Article Text

PDF

A comparison of pathological methods of measuring lung cancer volume.
  1. S Binks,
  2. C A Clelland,
  3. C Layton
  1. Department of Histopathology, City Hospital, Nottingham.

    Abstract

    AIM: To determine which of several pathological methods of measuring lung cancer volume compared most favourably with the gold standard. METHODS: Three pathological methods were used on 54 resected lung cancers: (1) measuring the maximum dimension and assuming a spherical shape; (2) measuring three dimensions and assuming an ellipsoidal shape; and (3) deriving the volume from the area of tumour on sequential 1 cm slices using a photocopier and an image analysis system. The gold standard was obtained from the area of whole mount tumour sections on sequential 0.1 cm slices of eight cancers. RESULTS: Volumes derived from 1 cm lung slices gave results closest to our gold standard but assuming tumours were ellipsoidal was only a slightly less accurate and less time consuming method. Assuming cancers were spherical resulted in gross overestimation of the tumour volumes. CONCLUSIONS: For practical purposes, it is reasonable to measure three dimensions of a lung tumour at sectioning and calculate the volume using the formula for an ellipsoid (V = 4/3 pi d.e.f, where d, e and f are the semi-axes).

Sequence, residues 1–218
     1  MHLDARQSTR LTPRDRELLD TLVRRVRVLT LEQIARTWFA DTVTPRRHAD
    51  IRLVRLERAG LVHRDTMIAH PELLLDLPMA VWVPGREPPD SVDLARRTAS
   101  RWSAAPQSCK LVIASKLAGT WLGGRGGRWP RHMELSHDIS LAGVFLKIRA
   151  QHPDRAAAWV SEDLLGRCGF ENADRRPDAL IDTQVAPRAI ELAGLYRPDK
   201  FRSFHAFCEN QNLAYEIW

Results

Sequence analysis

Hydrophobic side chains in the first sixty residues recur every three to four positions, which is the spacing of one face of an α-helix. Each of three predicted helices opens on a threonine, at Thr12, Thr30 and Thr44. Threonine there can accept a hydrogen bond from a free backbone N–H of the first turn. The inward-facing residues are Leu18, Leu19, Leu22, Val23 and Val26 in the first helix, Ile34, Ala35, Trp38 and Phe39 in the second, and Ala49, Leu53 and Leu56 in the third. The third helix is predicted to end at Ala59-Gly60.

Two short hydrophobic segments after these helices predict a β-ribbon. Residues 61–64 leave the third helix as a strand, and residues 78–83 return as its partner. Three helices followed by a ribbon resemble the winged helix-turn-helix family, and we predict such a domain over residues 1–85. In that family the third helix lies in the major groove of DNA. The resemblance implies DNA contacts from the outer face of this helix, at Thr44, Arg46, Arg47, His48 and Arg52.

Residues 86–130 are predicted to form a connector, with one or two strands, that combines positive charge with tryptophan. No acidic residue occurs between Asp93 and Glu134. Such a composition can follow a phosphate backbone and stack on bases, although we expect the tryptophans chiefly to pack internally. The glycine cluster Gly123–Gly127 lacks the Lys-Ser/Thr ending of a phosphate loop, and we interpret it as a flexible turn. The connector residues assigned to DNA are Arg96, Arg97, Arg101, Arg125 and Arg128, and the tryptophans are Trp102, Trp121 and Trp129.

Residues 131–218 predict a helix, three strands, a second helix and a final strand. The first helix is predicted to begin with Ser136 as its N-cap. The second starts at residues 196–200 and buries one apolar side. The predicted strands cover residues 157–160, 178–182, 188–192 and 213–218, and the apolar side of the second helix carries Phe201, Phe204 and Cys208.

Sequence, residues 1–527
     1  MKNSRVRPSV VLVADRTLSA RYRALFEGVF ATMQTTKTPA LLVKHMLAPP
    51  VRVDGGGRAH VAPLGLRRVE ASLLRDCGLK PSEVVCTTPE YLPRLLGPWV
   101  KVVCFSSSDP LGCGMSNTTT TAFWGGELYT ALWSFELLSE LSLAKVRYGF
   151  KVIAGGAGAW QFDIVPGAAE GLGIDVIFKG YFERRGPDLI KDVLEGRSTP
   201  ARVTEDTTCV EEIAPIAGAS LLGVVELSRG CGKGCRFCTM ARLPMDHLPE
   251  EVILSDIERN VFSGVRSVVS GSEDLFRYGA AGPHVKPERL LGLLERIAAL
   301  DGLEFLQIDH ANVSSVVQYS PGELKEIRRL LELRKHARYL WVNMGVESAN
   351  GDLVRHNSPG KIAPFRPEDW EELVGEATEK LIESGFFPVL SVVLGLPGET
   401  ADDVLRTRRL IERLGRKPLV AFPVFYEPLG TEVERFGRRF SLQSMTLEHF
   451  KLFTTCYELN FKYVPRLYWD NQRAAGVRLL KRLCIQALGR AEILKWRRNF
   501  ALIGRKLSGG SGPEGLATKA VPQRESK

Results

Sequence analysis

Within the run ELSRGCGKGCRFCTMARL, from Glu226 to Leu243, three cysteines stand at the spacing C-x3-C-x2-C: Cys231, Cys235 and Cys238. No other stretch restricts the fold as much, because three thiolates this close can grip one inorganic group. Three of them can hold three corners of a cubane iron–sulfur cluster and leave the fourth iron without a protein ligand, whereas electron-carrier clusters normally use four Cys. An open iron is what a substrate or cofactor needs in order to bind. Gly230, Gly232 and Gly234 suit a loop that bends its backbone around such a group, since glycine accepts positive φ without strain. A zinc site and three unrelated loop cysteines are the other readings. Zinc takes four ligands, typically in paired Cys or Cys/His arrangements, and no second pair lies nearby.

Statistics from Altmetric.com

    Request permissions

    If you wish to reuse any or all of this article please use the link below which will take you to the Copyright Clearance Center’s RightsLink service. You will be able to get a quick price and instant permission to reuse the content in many different ways.